My sister, who will be 39 years old next month, has Down syndrome. She went to an overnight camp every year, starting at a very young age. As an adult, when she moved into her group home, the transition was fairly easy for her. This is not always the case for young adults who leave home and move into an independent living arrangement for the first time. I can still remember the day my sister spent her first night at her group home. As one would expect, my parents were incredibly nervous and worried. One of the parents of another young adult who lived in house called my mother to give her an update on Michelle. She said to my mother, "Right now, Michelle is in the living room, lying out on the couch with a bowl of popcorn on her lap watching a movie. I think she is going to be just fine." Did going away to camp every summer help my sister prepare for this day? I have to think it had a significant benefit. She didn't seem to have any fear.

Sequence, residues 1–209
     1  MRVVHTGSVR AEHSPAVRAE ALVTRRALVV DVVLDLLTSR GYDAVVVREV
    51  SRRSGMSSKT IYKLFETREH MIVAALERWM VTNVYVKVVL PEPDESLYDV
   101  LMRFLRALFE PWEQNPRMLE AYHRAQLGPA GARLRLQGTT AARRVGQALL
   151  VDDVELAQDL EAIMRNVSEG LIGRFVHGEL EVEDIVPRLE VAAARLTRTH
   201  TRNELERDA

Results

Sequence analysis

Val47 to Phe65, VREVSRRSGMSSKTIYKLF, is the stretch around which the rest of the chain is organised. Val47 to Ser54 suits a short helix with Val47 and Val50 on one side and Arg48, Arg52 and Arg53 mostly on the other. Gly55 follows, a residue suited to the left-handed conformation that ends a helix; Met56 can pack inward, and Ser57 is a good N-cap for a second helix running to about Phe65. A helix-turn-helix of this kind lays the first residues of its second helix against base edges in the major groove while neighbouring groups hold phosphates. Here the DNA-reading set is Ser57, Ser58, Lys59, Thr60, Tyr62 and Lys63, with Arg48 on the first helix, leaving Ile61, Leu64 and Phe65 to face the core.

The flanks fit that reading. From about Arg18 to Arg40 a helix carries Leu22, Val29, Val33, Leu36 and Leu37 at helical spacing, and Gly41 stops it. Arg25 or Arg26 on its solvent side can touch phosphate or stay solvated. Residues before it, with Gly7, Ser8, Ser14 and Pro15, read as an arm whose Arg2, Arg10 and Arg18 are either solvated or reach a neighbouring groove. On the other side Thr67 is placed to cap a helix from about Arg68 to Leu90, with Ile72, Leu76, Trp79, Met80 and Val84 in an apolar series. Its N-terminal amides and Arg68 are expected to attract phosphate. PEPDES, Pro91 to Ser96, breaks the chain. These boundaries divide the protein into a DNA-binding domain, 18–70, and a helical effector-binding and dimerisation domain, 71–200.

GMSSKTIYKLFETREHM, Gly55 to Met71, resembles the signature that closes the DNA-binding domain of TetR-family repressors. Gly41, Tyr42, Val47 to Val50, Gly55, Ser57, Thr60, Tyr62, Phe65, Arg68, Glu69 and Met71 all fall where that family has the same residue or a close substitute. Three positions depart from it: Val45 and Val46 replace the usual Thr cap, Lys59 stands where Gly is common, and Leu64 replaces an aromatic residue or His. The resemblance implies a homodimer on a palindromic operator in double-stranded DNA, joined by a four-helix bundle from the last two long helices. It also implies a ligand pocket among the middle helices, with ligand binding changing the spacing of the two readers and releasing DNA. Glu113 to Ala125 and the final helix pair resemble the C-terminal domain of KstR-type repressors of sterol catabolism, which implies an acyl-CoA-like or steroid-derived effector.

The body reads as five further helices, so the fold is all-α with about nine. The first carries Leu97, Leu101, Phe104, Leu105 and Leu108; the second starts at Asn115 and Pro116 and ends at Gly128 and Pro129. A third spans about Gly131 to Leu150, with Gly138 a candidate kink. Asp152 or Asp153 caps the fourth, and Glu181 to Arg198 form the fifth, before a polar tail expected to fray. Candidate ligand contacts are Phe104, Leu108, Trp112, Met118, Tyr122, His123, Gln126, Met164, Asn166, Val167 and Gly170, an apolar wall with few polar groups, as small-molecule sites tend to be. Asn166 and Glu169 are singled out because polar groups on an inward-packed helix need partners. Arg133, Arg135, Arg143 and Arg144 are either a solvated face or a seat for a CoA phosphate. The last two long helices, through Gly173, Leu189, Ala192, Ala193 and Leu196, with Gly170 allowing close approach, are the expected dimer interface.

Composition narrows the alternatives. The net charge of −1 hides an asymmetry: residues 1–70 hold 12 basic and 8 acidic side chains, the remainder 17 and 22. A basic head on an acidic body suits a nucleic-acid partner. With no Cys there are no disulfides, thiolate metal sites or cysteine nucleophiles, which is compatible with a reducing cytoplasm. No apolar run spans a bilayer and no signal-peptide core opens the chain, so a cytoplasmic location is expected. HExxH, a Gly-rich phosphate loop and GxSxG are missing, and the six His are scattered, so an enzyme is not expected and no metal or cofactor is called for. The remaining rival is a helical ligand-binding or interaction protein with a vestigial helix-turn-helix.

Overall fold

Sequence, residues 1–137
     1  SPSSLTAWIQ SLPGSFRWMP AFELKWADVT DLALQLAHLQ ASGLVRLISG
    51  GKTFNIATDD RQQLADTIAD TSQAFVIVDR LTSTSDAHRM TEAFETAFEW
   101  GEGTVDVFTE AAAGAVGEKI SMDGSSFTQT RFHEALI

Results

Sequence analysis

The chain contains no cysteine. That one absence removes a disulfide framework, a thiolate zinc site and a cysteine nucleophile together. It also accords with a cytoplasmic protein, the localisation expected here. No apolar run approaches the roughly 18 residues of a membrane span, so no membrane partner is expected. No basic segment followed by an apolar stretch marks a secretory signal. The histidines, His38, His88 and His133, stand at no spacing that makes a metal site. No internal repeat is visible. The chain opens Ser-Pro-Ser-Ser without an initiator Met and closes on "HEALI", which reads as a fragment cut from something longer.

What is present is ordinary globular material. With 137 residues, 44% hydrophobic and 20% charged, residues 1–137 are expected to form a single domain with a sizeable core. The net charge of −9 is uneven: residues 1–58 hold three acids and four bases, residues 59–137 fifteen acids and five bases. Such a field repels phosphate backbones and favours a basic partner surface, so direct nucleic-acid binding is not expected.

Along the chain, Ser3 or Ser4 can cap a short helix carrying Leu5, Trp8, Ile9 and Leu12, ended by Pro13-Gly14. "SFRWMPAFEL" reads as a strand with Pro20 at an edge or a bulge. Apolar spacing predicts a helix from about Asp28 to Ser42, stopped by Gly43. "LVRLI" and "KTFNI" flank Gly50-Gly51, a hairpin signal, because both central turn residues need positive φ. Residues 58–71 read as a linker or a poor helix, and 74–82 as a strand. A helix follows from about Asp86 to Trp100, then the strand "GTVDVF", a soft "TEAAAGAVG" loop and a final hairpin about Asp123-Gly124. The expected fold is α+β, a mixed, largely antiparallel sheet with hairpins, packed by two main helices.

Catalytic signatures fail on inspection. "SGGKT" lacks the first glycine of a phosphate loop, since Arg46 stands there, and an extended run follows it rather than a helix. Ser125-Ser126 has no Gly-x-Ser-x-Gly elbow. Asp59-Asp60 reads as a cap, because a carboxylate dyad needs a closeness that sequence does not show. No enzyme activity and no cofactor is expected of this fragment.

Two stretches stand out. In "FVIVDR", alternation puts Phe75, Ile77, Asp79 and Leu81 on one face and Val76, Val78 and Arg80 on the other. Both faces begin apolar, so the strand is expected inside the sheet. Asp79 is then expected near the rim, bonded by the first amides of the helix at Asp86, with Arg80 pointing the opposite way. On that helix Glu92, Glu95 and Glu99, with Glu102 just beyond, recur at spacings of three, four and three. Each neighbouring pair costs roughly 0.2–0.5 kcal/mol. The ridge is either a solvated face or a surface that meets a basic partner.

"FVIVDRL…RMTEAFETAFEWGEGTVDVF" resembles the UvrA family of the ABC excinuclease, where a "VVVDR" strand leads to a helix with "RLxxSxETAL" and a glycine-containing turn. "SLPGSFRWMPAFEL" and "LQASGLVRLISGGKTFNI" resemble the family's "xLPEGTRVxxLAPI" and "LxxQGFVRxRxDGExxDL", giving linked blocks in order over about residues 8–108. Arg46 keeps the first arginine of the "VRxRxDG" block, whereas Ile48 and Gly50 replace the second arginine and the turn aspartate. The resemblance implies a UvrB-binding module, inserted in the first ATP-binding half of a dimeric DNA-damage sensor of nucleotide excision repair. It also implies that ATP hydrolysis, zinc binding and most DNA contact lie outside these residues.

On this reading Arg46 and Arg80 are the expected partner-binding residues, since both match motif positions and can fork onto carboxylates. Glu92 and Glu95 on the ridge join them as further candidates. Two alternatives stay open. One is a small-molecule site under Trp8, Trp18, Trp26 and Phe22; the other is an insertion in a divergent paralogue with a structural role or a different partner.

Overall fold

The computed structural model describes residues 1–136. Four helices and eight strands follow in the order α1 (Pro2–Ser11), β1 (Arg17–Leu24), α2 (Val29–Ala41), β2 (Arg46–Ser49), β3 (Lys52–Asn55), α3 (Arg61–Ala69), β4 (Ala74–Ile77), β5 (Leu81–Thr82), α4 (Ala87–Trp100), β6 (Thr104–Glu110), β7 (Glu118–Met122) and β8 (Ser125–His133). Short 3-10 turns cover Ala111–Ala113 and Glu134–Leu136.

*As an update to this edition. My sister started going back to this camp last year at age 40 as many of her friends are still going. She had a great time and she is signed up again for this year.
Most parents have the same fear. They can't imagine the day their son or daughter will be living on their own. For our students, to live on their own is the best gift for each and every one of them, and we want to help prepare them for that day. I have heard, many times, from parents who spoke about their child living independently. They'd report that their child stated that once they became settled in their new home they would visit. But as it turns out, they usually can't wait to get back to their group home. This is their life now . . . their independent life.
Last summer, after 40 years, I visited Camp Massapoag. The camp is only a day camp now, but what amazed me is that everything is exactly the same. The cabins look like they did in 1974. The camp ground was exactly the same, too. It was easy to navigate, and I could easily find the cabins I lived in. I certainly built some vivid memories.
I often think of this experience. I am fortunate my parents didn't listen to me; otherwise, I would not have been able to reflect on this summer, which we then encouraged our daughter to experience.